On 2016-02-28 1:34 PM, aahan bhatt wrote:
Please explain about the gitlab integration in layman terms. I would like to contribute to the project.
Gitlab integration can mean a lot of things, and we've left this particular project pretty open to see what people will suggest.
The tweet linked talks about moving a discussion from a mailing list to a bug tracker. So imagine that you have a bunch of people discussing an issue on a mailing list and after a few posts someone says "hm, that configuration didn't work the way I expected, this sounds like a bug, maybe we should file it" -- we want a way to dump the whole discussion into a bug so when someone goes to fix it they have all the information. You'd need to think a bit about privacy (were the mailing list posts public? what about the bug tracker?) and relevance of information (what if I only want some of the posts? what if I want to link the discussion but only provide a summary?) to go from the idea of "make it easier to file bugs using information from a mailing list discussion" to an actual workable interface for doing that, but that's the core of it.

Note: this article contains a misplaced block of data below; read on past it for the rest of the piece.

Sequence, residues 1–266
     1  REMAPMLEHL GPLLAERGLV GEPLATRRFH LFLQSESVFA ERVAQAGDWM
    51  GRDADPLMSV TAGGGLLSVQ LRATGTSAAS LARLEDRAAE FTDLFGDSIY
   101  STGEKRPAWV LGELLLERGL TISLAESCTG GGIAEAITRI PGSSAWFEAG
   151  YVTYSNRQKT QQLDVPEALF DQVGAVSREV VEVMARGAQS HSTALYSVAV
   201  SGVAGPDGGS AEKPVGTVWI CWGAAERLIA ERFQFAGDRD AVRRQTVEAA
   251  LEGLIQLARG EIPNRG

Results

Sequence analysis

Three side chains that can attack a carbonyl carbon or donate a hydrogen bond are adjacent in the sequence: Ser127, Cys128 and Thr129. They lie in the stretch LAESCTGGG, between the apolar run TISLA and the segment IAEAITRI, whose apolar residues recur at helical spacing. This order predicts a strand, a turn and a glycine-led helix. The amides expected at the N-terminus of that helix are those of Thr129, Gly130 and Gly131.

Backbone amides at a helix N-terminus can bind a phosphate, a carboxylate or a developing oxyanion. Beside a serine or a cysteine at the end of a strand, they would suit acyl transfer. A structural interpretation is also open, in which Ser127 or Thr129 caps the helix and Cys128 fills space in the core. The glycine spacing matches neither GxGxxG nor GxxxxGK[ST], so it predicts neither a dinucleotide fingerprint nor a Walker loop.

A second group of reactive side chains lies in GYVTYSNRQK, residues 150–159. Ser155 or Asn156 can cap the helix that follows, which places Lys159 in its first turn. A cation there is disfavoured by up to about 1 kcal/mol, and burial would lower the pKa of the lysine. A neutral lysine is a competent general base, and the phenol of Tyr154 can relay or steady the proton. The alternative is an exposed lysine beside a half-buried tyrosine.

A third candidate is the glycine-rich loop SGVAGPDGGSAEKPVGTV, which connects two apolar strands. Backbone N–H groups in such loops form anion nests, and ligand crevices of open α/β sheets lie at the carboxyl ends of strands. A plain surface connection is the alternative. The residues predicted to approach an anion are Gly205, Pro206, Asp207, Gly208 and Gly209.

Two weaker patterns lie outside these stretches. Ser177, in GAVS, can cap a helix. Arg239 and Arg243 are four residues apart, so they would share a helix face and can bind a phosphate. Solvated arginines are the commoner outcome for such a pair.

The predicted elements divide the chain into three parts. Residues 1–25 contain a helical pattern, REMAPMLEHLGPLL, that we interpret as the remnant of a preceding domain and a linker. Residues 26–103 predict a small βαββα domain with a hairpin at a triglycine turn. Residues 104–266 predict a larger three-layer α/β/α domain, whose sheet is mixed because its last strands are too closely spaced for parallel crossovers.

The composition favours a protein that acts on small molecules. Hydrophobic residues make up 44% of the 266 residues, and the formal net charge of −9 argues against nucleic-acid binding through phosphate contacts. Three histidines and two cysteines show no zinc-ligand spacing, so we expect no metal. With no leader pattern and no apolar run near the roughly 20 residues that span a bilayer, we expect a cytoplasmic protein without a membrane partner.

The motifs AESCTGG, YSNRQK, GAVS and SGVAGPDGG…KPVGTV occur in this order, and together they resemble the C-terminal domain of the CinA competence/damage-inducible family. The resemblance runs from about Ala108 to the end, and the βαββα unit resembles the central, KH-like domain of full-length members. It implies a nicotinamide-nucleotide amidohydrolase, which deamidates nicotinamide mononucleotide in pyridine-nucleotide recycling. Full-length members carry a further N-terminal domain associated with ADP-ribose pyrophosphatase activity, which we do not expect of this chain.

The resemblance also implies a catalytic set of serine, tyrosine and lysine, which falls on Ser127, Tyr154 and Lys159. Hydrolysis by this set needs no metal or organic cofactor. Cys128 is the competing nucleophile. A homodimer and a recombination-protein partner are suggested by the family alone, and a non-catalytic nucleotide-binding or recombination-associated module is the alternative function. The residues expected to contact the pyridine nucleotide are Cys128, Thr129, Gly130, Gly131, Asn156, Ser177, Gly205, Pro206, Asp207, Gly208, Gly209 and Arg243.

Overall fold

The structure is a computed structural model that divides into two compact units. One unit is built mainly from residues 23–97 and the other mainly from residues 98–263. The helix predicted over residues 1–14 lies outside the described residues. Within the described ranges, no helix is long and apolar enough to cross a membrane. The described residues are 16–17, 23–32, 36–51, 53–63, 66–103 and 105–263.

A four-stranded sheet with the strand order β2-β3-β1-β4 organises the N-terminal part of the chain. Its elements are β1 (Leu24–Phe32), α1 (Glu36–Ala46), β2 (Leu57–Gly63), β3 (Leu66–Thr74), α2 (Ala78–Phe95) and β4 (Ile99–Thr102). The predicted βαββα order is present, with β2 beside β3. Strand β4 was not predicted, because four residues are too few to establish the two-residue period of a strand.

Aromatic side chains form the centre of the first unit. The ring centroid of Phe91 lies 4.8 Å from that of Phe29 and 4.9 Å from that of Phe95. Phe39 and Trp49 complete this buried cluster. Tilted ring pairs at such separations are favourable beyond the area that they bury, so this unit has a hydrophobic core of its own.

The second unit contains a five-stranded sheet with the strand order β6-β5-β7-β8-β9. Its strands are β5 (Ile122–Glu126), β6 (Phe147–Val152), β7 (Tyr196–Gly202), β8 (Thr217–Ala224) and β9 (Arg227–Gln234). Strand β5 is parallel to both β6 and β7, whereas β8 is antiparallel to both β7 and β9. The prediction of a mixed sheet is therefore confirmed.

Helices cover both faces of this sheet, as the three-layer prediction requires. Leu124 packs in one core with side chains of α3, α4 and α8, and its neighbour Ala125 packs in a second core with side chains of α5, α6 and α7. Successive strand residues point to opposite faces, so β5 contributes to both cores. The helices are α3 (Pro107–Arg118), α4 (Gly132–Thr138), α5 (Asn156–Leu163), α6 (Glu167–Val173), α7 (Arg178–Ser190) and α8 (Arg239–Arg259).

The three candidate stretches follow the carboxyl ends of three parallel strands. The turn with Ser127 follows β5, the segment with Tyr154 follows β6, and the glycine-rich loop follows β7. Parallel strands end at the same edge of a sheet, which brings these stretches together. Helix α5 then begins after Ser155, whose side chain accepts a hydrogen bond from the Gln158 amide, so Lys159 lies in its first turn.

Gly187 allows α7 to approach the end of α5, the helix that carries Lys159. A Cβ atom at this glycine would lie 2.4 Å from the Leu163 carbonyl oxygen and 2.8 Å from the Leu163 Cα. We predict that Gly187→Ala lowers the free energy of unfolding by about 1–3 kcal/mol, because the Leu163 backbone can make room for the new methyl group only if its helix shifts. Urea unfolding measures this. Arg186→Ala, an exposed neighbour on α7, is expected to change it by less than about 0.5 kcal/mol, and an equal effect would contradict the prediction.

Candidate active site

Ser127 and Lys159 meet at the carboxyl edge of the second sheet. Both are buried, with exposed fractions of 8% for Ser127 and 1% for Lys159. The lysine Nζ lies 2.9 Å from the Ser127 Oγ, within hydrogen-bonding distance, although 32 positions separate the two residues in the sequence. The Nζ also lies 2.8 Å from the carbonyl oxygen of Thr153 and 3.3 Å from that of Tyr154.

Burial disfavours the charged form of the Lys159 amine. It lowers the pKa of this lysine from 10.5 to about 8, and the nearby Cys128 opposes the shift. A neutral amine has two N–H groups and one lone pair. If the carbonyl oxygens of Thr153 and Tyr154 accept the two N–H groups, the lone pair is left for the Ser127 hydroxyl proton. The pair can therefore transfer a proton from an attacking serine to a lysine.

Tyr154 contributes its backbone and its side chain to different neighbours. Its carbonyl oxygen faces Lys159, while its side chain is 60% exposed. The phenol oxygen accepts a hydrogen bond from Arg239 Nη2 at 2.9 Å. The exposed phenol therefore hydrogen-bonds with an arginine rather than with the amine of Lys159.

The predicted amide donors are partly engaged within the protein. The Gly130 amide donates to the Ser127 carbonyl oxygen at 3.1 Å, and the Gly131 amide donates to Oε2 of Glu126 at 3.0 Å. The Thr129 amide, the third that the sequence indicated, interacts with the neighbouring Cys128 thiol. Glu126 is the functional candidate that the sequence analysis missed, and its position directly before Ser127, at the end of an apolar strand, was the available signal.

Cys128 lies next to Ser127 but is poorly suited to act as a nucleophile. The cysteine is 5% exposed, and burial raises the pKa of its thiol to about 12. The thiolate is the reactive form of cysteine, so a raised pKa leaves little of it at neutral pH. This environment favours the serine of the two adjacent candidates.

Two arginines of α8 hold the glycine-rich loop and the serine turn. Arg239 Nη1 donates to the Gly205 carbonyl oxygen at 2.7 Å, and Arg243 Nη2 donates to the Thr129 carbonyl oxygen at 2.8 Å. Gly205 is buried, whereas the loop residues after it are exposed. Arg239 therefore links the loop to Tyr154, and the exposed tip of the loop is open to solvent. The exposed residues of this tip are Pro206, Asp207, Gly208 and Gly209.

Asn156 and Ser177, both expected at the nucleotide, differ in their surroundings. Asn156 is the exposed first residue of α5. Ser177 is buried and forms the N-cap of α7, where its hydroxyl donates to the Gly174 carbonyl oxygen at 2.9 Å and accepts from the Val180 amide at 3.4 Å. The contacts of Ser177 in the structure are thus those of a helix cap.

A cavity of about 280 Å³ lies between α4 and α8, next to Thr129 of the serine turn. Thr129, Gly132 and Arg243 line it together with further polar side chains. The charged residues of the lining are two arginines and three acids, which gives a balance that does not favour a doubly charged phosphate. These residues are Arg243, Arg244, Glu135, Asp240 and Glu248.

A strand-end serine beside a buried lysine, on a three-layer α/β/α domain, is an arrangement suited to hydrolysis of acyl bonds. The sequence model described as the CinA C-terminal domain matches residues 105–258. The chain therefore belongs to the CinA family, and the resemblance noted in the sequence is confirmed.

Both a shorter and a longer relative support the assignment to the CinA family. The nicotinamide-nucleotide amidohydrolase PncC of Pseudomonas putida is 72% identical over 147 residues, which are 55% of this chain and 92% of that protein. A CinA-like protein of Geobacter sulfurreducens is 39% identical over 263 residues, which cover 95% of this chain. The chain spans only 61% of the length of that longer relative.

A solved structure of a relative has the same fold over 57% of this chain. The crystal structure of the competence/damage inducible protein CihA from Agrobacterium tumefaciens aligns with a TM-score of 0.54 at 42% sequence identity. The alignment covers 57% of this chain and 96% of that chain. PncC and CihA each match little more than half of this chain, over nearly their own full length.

If you want to understand the whole gitlab integration idea better beyond that one use case, try brainstorming a little bit about how the pieces could work together. How could a mailing list integrate better with a bug tracker? How could it integrate better with merge requests? What information would people want to pass from one system to the other and why?
For an example you might want to take a look at idea #27 on this page: http://blog.linuxgrrl.com/2012/03/14/mailman-brainstorm-2/
On Mon, Feb 29, 2016 at 05:41:27AM -0800, Terri Oda wrote:
The tweet linked talks about moving a discussion from a mailing list to a bug tracker.
An easy way to do that (while leaving the mailing list discussion intact and not requiring that people have accounts on the bug tracking site in order to participate) is to link to the archive of the discussion -- specifically, to the message which begins the discussion thread. This has the useful feature that as new followups arrive (and the discussion continues) the link doesn't need to be updated. (Well, provided that everyone participating in the discussion uses a mail client that correctly manipulates headers in replies.)
I've done quite a bit of this with internal debug/development lists and have found that users catch onto it quickly. (Oh, and one small augmentation: sometimes it can be useful to have a process in place wherein the person who commits the feature or bugfix is responsible for saying so in the discussion thread. This creates a very useful history with a lot of context that can be highly valuable to future archaeology efforts.)